|Appears in Collections:||History and Politics eTheses|
|Title:||Falkirk in the Later Nineteenth Century: Churchgoing, Work and Status in an Industrial Town|
|Supervisor(s):||Bebbington, David William|
|Publisher:||University of Stirling|
|Abstract:||In the years following the Religious Worship Census of 1851, there was a general increase in anxiety about the state of working-class churchgoing. Many prominent church leaders and social commentators believed that rapid industrialisation and urbanisation had led to the ‘alienation’ of the working classes from the practice of religious worship. The working classes were largely seen as ‘irreligious’ and not interested in aligning themselves to the customs of the rising middle classes who were seen as the stalwarts of the churches. The later nineteenth century was a time of anxiety for many clergy, and prominent social investigators, such as Charles Booth, carried out studies into the extent of poverty amongst various sections of society. A growing recognition of the problem of poverty led to some considering that financial disadvantage was a barrier to the churchgoing habits of the working classes. However, these ‘pessimistic’ perceptions of working-class churchgoing could originate from very different interpretations of the new industrial world, and from different conceptions of human nature. A large part of Karl Marx’s legacy has been his linking of ‘irreligion’ to the oppression of the ‘proletariat’ under industrial capitalism and Frederick Engels legitimised Marx’s theories with his 1845 book on the Condition of the Working Classes in England. However, part of the problem of interpreting Victorian affiliation to the churches is that so much effort has gone into either supporting or refuting the Marxist view amongst historians that the actual purpose of the enquiry has been somewhat lost. There has developed in recent years a rather disconnected debate with the ‘revisionist’ case the strongest and the belief that churches were middle-class institutions overturned by a recourse to ‘social composition analysis’. In effect, the revisionists have employed the use of the occupational analysis of churchgoers from which to discern the social ‘class’ make up of individual churches, which has provided evidence for widespread and significant working-class churchgoing. However, when this methodology is investigated, it is not hard to find critics of the use of occupational titles as a guide to nineteenth-century social ‘class’. This study is an attempt to look at churchgoing from a point of view that does not rely on occupational labels as the indicator of the social make-up of churches. Rather, it employs the use of the Scottish valuation rolls, which provided the official rented value of all properties, as a tool from which to develop a wide-ranging analysis of churchgoing, work and status in a nineteenth-century industrial town. It is, in large part, a study of housing and employment structures as gauged from a systematic analysis of the valuation rolls, the results of which are then measured against the four main Presbyterian churches of the town. The subject of the research is Falkirk because it experienced the transition from a traditional to industrial economy needed to evaluate the impact of industrialisation on working-class churchgoing. The study spans 1860 to 1890 and evaluates both points in time. It is effectively a historical investigation into the social and occupational structure of Falkirk town householders and how the main Presbyterian churches of the area reflected this societal formation. It naturally includes a large component of how social ‘status’ was ordered amongst the core householder population in terms of work, social relations, property and churchgoing. In addition, the methodology employed in the form of property valuations has produced a critique of the traditional system of classification by occupation and somewhat challenged its reliability.|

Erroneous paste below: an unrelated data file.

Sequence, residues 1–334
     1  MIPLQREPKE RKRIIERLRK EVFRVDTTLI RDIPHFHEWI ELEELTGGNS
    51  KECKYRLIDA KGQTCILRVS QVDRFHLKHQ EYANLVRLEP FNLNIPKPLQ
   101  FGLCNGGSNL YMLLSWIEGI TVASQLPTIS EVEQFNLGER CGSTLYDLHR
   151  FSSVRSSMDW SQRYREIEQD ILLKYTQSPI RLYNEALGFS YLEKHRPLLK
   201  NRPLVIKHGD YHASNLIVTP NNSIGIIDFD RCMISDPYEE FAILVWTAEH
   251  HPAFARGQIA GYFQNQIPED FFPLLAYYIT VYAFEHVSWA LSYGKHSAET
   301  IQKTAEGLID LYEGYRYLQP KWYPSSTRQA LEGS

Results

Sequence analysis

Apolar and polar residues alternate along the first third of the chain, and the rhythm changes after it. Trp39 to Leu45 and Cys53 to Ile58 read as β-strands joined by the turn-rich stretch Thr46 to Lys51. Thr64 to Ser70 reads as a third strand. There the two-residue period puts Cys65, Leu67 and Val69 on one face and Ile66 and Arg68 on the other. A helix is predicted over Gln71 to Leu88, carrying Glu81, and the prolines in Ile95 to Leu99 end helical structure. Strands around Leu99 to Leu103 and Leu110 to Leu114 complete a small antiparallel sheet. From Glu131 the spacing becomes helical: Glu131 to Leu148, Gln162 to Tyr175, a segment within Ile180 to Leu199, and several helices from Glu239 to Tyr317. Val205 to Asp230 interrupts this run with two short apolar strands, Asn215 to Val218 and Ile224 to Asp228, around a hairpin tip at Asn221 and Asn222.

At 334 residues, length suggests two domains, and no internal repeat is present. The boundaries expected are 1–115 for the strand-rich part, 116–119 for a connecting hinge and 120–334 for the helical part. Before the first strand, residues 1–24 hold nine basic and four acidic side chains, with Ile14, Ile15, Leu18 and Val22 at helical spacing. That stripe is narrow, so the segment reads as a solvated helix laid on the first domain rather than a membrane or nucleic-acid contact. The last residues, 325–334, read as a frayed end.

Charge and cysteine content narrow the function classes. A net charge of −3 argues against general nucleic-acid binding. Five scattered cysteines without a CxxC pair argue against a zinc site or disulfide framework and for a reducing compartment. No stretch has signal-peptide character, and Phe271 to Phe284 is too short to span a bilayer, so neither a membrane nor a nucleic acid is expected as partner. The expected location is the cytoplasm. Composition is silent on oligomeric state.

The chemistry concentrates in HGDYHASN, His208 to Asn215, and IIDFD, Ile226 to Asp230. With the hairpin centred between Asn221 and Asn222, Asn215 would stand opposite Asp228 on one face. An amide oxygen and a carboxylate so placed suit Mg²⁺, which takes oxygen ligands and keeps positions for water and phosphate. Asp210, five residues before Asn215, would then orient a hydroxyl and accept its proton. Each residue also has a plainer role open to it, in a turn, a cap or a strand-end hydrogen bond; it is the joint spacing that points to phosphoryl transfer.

|Type:||Thesis or Dissertation|
|Full Thesis PDF.pdf||Full Thesis||2.79 MB||Adobe PDF||View/Open|
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